Now that affordable computers are powerful enough to record multiple tracks of digital audio and simultaneously run software synthesizers that can play multiple MIDI parts, you might think that electronic musicians finally have everything they need to realize their creative vision. However, a corollary to Murphy's Law states that a system's capabilities will always fall just short of what's required to finish a project, giving rise to the familiar refrain, “If only the computer could handle a few more audio channels (or plug-in slots or MIDI tracks).”
Steinberg (www.us.steinberg.net) has addressed the problem with a new addition to its suite of technologies: VST System Link. This ingenious scheme lets you connect any number of computers and share their resources via one digital audio cable to and from each machine in a peer-to-peer network with a daisy-chain or closed-ring topology.
VST System Link is platform independent, allowing Mac and Windows machines to work together on the same network. Each computer must have some sort of ASIO hardware with the appropriate drivers and one or more System Link — enabled applications (which currently includes the latest version of Cubase and Nuendo). You simply connect the digital-audio output from one computer's ASIO interface to the digital-audio input of another computer, using any type of digital-audio connection, such as ADAT, TDIF, AES/EBU, or S/PDIF.
The network messages, which include synchronization, signal routing, transport control, and MIDI, are transmitted using a single bit of one digital-audio channel, providing a total network bandwidth of 96 kbps and leaving 23 bits available for digital audio. (To accomplish this, the audio's 24th bit is truncated, then added back in with a value of zero at the end of the process.) That bandwidth can accommodate up to three MIDI ports' worth of data (each port has a bandwidth of 31.25 kbps), but a given port rarely if ever actually carries that much data. So VST System Link is designed to address 16 ports with 16 channels each for a total of 256 channels. If necessary, the System Link audio channel can be completely dedicated to data, relieving any bottleneck.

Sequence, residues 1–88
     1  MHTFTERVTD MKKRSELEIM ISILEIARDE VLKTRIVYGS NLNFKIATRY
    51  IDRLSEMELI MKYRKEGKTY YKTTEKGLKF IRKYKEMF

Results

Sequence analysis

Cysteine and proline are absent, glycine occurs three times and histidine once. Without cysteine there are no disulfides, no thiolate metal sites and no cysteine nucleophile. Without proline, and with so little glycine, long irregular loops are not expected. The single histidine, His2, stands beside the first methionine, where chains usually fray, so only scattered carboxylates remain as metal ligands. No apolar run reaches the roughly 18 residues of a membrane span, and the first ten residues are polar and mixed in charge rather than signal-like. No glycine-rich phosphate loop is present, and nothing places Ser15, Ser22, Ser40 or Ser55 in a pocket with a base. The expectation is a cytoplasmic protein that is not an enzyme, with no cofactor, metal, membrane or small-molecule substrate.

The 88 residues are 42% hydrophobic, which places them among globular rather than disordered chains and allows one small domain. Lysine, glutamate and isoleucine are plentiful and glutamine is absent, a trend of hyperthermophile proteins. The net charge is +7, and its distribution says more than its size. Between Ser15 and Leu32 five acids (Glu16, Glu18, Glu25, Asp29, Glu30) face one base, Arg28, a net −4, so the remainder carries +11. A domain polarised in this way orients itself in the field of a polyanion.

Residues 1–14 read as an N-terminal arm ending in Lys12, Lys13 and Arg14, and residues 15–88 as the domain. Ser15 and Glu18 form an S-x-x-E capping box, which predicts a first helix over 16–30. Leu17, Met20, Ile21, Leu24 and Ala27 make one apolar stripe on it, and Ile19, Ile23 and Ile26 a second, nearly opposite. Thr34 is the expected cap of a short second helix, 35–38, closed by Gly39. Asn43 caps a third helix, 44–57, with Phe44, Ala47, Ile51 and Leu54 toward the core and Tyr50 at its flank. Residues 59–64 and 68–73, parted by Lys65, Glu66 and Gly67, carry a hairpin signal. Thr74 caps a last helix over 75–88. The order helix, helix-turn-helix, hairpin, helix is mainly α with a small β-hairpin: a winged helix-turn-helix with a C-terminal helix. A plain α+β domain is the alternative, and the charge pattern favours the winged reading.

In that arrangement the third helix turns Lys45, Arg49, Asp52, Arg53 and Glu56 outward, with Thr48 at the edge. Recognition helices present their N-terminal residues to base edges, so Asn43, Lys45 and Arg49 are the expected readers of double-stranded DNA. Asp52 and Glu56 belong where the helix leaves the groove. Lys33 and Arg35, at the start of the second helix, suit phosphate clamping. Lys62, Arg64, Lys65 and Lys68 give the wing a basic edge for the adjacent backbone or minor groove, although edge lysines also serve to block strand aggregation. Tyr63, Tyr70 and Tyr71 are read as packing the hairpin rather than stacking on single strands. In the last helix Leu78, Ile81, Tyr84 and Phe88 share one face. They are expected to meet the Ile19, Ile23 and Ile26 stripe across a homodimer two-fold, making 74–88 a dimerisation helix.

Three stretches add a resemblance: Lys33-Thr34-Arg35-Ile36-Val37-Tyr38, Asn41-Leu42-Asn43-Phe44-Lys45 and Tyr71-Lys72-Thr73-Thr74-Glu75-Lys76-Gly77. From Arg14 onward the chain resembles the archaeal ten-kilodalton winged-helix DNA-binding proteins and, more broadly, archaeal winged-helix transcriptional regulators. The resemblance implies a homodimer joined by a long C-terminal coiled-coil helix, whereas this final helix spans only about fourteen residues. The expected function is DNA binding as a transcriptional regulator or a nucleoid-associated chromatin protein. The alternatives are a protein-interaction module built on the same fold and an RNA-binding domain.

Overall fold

Once everything is connected, you can run any compatible application on each computer and allocate processing tasks according to each machine's capabilities, which lets you make use of older computers. For example, you can use one computer for digital audio tracks, another for virtual synths, a third for effects, and a fourth for mixdown. Alternatively, you could run the same program on several computers to extend its capabilities severalfold (see Fig. 1).
The first computer in the chain is designated as the “master,” which normally sends sync signals to the others, but the entire system can be controlled from any computer on the network. Speaking of sync, Steinberg claims that VST System Link is sample-accurate, thanks to the Positioning Protocol already built into ASIO. In addition, the system can sync to an external clock source or the embedded clock.
For now, Steinberg will concentrate on incorporating VST System Link into its own products, including a video-player application that was shown running full-screen video in sync with Nuendo and Cubase on separate computers at the recent European AES convention in Munich. In addition, the next version is intended to have Save and Load commands, as well as the ability to bundle each computer's data into a “meta-project” file. Music computing will never be the same.